Mardi Gras delays not surprising but still costly for Carnival

A rendering of the Mardi Gras' top deck.
Carnivals Mardi Gras

When Carnival Corp. announced that it was delaying this year’s delivery of the Carnival Mardi Gras, it had a familiar ring.

The Mardi Gras, the first Carnival Cruise Line ship to be powered by liquefied natural gas (LNG), joins ships from two other Carnival Corp. brands that also feature LNG propulsion and weren’t delivered on time.

The shipyards involved have blamed the delays on design complexity, troubles with coordinating subcontractors and the size of the ships, which are each intended to carry more than 5,200 passengers.

In each case, the ships are the first in a new class of vessel for their respective lines. All are built on a common platform introduced by Carnival in 2015 and referred to as the Excellence class.

The platform was adapted for the individual needs of Carnival as well as for Carnival Corp.’s two European brands, Costa Cruises and Aida Cruises.

For North Americans, the Mardi Gras will be the first ship to feature the LNG engines, a big technological leap that promises environmental gains and cheaper operating costs, especially with new restrictions on heavy sulfur fuels that start this year.

But going first has never been a formula for smooth sailing in the cruise industry. New technologies frequently have unforeseen problems that need to be ironed out as they move from the drawing board to actual use.

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World’s First Purpose-Built LNG Bunkering Vessel

Carnival Corp. CEO Arnold Donald alluded to that legacy when asked about the delay in a conference call in December.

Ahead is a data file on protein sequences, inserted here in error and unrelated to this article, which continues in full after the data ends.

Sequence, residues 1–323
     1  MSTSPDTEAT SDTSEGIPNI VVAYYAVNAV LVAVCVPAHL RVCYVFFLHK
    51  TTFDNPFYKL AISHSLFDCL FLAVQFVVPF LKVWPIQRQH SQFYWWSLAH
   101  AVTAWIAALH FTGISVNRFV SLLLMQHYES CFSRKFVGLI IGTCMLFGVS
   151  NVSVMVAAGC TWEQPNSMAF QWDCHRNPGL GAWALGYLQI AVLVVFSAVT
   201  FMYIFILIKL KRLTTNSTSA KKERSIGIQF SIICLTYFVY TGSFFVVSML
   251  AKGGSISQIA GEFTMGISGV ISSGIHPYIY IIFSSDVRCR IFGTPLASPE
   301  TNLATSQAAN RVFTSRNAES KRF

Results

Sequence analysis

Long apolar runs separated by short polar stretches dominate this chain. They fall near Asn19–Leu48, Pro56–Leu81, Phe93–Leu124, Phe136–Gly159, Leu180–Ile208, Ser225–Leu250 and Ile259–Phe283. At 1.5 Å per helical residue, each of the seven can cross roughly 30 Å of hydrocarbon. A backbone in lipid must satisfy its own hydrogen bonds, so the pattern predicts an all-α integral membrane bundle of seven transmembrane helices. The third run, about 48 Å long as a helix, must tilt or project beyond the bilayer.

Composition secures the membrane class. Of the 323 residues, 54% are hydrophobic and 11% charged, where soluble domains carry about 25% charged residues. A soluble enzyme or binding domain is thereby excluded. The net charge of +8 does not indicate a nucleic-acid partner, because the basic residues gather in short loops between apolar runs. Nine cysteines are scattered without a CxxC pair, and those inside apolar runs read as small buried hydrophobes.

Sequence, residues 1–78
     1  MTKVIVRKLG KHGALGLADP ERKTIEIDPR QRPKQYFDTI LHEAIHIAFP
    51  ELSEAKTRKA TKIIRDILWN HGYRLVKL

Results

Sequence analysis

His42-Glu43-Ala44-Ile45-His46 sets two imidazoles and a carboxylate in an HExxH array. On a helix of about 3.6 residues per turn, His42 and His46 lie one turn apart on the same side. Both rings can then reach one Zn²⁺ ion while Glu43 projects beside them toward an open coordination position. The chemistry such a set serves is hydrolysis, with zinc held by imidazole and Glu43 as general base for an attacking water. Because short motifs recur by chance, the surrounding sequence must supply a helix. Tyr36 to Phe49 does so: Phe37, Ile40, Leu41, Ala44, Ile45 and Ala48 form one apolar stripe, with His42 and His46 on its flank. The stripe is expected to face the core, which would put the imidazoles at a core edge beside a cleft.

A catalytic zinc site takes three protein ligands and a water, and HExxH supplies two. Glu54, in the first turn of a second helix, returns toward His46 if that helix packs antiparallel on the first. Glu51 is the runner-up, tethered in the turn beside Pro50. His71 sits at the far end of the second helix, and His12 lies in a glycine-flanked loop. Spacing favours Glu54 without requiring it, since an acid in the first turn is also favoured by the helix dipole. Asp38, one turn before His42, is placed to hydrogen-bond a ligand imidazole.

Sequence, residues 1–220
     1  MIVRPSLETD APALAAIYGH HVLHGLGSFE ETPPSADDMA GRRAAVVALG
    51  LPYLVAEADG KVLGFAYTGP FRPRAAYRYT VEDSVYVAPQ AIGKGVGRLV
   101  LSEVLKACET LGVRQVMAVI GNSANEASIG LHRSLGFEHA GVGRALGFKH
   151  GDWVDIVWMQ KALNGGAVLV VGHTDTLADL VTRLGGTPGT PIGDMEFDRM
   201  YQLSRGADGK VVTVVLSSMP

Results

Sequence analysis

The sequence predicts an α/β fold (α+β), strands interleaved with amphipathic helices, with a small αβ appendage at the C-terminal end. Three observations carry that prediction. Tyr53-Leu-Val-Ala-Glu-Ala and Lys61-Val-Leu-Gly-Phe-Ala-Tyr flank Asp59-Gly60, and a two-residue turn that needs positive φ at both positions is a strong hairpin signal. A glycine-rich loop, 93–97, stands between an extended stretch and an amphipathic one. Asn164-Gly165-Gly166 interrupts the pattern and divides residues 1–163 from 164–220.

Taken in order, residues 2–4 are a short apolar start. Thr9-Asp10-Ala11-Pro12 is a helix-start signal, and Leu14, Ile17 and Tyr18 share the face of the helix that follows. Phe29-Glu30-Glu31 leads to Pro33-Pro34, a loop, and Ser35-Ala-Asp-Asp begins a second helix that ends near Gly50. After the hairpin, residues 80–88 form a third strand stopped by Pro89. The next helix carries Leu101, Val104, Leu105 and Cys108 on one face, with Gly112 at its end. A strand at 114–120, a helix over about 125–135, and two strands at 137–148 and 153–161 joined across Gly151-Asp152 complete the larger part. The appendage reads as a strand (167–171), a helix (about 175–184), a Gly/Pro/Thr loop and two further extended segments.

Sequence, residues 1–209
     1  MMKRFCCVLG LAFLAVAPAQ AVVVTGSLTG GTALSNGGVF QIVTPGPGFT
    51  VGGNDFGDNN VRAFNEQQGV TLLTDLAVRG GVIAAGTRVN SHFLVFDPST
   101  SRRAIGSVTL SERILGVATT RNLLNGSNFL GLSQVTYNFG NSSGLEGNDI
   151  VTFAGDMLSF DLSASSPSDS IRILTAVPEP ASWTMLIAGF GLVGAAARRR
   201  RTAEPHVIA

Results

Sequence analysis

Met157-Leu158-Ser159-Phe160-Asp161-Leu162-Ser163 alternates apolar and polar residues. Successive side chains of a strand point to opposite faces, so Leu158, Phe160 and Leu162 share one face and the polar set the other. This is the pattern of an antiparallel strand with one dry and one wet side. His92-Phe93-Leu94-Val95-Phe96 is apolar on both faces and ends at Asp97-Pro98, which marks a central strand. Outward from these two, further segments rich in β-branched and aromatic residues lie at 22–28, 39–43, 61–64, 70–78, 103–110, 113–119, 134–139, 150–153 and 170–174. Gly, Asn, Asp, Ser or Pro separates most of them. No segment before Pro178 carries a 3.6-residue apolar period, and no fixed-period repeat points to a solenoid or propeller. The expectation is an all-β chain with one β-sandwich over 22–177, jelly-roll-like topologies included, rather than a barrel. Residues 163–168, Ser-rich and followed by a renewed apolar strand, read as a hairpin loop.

“The situation is that historically we’ve had occasional delays with prototypes,” Donald said. “But we’re working with the yard and are in the process of negotiating what we need to do to ensure that future delivery is on time.”

That’s not much consolation for passengers on eight Mardi Gras sailings that were cancelled because of the delay.

Those sailings included a debut cruise in Europe, a transatlantic crossing, a New York preview cruise and the first four sailings from the Mardi Gras’ year-round homeport, Port Canaveral in Florida.

More than 40,000 guests have been notified that their plans have been changed. They will get a full refund and a 25% future cruise credit for their troubles as well as assistance with nonrefundable airline and hotel reservations already booked.

Travel agents who sold the cruises will still receive the commissions they earned, Carnival said.

The first sailing, which had been set for Aug. 31, has now been rescheduled for Nov. 14.

Ben Clement, Carnival’s senior vice president of newbuilds, said that despite working closely with shipyard executives to keep the giant ship on schedule, prudence dictated that it be delayed to get it right.

“While we deeply regret disappointing our guests, this change in the delivery date is required to make sure all of the ship’s systems, features and technology will be fully operational so that we can give our guests the vacation they expect,” Clement said.

Carnival will get some compensation from the shipyard, Donald said, but it will be reflected in the ship’s value on the balance sheet, not on the profit and loss statement, so the loss of the eight cruises in 2020 will likely impact earnings.

Clement didn’t go into detail about what issues are making the ship late. But in the previous cases involving Aida and Costa, the shipyards issued statements.

In October 2018, the Meyer Werft shipyard in Papenburg, Germany said that it would push back delivery of the AidaNova from Nov. 15 to Dec. 2. It was eventually delivered to Aida on Dec. 19.

AidaNova was the first cruise ship to be powered by LNG, and Meyer Werft said it “required more time for commissioning and testing of this prototype.”

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Costa Smeralda

Another LNG ship built to the Excellence platform is the Costa Smeralda, which was launched Dec. 20 after being delayed twice. The the shipyard, a Meyer Werft-owned facility in Turku, Finland, cited “the high complexity and the sheer size of the ship project” and noted that it was the the first ship in the class to be built at the Turku yard.